Traffic circles for the highway? Bring ‘em on
Next time you’re in traffic on the Trans-Canada Highway (TCH) here on the Island, trying to negotiate all the left lane blockers, tailgaters, lane changers and general mayhem, take a close look at the lanes going in the opposite direction. What do you see?
Depending on the timing you will either see two to three kilometers of empty, traffic-free, two lane highway or maybe one to 1.5 kilometers of closely clustered traffic, in a struggle to get ahead of each other like a horde of angry bees, which is then followed by yet another two to three kilometers of emptiness.
Basically this translates to the fact that only a fraction, optimistically half, of the available highway is being used or occupied at any one time.
This, my friends, is the result of our highly educated, highly paid and probably highly benefitted traffic planners, engineers and maybe even local politicians whose solution to any cross-road junction is to install a traffic light. The effect is to constantly and frustratingly bring major highway traffic to a complete stop, which inevitably causes bunching and concentration of all that traffic going in the same direction.
Even one vehicle at a minor light-controlled intersection of the TCH has the muscle to completely halt the flow of the majority of the traffic on a so-called major highway and given the number of lights, say just between Mill Bay and Duncan (11 or 12?), the congestion and bunching just grows and gets worse.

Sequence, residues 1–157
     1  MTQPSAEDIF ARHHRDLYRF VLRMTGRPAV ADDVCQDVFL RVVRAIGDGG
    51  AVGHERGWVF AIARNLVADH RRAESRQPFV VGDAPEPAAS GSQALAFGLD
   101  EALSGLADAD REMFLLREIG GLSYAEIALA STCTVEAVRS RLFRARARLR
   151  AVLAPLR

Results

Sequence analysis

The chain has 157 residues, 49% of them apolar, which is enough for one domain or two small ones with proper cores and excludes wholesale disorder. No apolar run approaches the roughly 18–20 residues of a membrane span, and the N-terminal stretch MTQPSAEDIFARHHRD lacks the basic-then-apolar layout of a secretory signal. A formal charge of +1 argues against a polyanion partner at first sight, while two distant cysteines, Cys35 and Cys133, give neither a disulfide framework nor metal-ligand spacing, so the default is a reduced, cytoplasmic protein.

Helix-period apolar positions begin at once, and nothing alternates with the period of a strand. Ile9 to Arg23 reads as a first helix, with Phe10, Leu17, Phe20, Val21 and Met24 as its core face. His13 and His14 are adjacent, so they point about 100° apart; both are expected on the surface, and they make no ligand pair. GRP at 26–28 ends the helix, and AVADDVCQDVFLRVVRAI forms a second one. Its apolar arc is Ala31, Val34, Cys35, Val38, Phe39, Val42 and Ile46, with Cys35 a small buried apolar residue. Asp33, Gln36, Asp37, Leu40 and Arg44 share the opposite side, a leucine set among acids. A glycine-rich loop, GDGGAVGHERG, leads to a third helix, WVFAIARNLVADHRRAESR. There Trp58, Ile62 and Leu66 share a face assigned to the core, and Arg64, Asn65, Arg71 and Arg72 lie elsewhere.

To anyone who says that the lights are timed or synchronised and can be negotiated without stopping if the correct speed is maintained, I’d say ‘balderdash’. Add to that the amount of gas that is wasted and the frustration caused in this stop/start carnival and the recipe is ripe for confrontation and accidents.
As for the flow through Duncan — let’s not go there.
Solutions for a free(er) flow of traffic? They are there, but at a cost. Roundabouts (traffic circles)? Bring ‘em on I say. At least the traffic will only be slowed and distributed more evenly at these points, not completely stopped and bunched over and over again.
There are many major high-volume two-lane highways, ‘A’ class roads, not the motorway ‘M’ class in the UK over 200 kilometres long. Traffic lights? Hardly any — all roundabouts, and the traffic flows smoothly. Europe has roundabouts all over and they work in keeping things moving.
To those who will predictably lament, “But they’re so difficult to negotiate” — I’m speechless.
To the traffic ‘planners and engineers’ — is this really the best that you can do? Or worse, is this your deliberate intention?